In 1863, President Abraham Lincoln, a man of deep faith, called the nation to repentance in his Thanksgiving address. He said, "But we have forgotten God. We have forgotten the gracious hand which preserved us in peace and multiplied and enriched and strengthened us, and we have vainly imagined, in the deceitfulness of our hearts, that all these blessings were produced by some superior wisdom and virtue of our own. Intoxicated with unbroken success we have become too self-sufficient to feel the necessity of redeeming and preserving grace, too proud to pray to the God that made us."
I think it would be interesting to see what the papers would say if President Bush said something like that. Still, I feel that Lincoln's words are true today. For example, if your only opinion of America was to be gleaned from watching network television, it would be possible to assume that ours is a nation of godless reprobates.
This morning my dad sent me an article that appeared in The Boston Globe yesterday, which quoted a statement made by former Prime Minister Tony Blair in a recent interview, ""It's difficult to talk about religious faith in our political system," Blair said. "If you are in the American political system . . . you can talk about religious faith and people say, 'Yes, that's fair enough,' and it is something they respond to quite naturally. You talk about it in our system and, frankly, people do think you're a nutter.""
I was very interested in Mr. Blair's statement because from my perspective I think it's getting difficult for American politicians to express any real religious sentiment for the same reason. Politics has been so divisive recently in America that we don't talk about political views in polite company, something I find very sad, and we mention religious faith in hushed tones so as not to be offensive to anyone. And, there is a reason that our culture is going that way. Here in Utah, several years ago there was a lawsuit, which made national headlines, to stop a local High School choir from singing religious music at Christmastime. The federal lawsuit was not successful and the U.S Supreme Court refused to hear an appeal, but people don't like to get sued.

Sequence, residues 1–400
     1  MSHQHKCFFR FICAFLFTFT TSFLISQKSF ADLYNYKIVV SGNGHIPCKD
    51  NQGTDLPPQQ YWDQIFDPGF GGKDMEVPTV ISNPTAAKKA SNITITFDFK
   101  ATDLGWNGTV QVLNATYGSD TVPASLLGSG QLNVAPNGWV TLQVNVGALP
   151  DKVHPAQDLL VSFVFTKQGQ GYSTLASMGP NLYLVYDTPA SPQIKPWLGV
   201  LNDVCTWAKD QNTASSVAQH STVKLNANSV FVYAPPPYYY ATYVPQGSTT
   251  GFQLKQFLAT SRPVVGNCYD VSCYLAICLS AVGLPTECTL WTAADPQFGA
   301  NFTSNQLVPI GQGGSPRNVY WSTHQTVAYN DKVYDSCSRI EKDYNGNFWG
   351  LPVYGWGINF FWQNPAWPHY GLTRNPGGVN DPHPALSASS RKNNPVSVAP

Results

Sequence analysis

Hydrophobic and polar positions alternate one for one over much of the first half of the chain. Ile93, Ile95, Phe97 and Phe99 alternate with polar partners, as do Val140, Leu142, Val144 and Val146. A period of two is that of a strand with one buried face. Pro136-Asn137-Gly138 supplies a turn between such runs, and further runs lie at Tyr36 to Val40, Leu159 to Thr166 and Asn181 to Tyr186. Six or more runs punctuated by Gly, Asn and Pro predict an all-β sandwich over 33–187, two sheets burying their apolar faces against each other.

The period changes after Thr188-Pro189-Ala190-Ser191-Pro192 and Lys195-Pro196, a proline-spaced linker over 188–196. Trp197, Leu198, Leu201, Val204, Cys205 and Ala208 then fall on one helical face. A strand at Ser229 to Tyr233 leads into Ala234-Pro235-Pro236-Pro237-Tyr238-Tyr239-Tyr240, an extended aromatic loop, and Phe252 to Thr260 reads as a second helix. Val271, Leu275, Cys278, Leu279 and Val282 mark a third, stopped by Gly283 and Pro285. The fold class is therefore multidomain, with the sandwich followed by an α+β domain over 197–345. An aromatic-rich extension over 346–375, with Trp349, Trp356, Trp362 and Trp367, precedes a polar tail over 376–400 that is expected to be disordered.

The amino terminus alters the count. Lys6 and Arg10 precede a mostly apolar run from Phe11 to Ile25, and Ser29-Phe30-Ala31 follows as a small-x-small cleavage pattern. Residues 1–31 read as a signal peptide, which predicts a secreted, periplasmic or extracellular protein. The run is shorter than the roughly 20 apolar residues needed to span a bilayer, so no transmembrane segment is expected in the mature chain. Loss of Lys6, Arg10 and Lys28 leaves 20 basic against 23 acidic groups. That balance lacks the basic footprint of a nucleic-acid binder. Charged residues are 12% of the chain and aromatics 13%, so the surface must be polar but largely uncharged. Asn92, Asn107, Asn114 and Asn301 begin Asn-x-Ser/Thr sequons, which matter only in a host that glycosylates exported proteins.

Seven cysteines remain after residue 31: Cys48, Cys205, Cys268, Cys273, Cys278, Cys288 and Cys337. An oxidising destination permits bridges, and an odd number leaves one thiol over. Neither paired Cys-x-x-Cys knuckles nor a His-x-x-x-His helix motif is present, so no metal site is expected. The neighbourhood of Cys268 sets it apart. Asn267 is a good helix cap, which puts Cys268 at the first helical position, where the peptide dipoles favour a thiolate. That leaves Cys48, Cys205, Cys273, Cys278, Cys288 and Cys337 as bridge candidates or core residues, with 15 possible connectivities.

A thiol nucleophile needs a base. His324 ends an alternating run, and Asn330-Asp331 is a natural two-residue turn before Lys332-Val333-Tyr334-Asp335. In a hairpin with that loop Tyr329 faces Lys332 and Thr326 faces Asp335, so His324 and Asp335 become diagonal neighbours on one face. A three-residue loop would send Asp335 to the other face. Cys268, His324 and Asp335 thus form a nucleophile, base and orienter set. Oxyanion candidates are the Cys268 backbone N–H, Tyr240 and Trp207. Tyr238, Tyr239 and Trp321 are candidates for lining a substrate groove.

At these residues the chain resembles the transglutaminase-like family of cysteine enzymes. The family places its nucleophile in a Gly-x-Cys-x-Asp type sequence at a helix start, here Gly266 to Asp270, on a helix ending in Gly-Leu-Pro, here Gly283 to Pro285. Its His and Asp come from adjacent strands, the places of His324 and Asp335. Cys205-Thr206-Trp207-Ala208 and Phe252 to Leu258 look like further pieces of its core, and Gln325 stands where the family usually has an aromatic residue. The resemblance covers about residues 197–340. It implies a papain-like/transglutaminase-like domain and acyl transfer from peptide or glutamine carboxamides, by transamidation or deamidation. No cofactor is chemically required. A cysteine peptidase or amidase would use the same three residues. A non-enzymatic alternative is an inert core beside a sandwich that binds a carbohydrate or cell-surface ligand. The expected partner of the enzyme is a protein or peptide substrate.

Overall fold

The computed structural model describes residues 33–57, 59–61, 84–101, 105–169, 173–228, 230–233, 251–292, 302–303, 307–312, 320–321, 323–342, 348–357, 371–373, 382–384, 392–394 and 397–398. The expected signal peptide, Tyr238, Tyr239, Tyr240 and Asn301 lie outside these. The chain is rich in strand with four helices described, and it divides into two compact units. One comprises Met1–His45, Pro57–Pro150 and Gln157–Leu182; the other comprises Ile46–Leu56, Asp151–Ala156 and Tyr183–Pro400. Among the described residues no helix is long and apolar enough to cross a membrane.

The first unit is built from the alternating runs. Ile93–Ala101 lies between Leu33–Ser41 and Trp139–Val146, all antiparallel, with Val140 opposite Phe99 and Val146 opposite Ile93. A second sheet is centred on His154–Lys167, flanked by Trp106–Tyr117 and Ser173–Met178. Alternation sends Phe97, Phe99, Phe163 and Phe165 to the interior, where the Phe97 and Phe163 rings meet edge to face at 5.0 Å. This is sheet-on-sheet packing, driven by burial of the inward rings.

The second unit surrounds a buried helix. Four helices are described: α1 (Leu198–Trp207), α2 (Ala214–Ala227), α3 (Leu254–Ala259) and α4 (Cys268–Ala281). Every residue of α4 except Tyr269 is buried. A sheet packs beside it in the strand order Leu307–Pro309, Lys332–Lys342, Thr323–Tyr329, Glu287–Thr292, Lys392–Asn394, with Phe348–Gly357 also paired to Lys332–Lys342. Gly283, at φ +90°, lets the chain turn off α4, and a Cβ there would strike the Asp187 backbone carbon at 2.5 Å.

It is true that in just the most recent history of our nation, Americans seem to want their politicians to distance themselves from God, "rising secularism" as Mr. Buckley put it. But with scandal and corruption in the halls of power in the news on a daily basis, that idea is not working out for us very well.
Americans are protective of their rights and they don't want religious belief to be any thing that is thrust upon them in any way. As I have read books over the past year about the oppression of regimes like the Taliban, I can understand some of that sentiment, but we must be careful not to take that too far, and I think we have.
George Washington said, "Let us with caution indulge the supposition that morality can be maintained without religion. Reason and experience both forbid us to expect that national morality can prevail in exclusion of religious principle." If we don't look to God for our moral compass, our compass may fail us.
When I choose a candidate for public office, but especially for the highest office. I want to know that I have chosen one who is humble enough to pray. I hope our future leaders will be humble enough to be on their knees before God and ask that they might know in their hearts and in their minds the right course. Our nation needs leaders whose faith informs their actions and whose actions are a testament to their faith.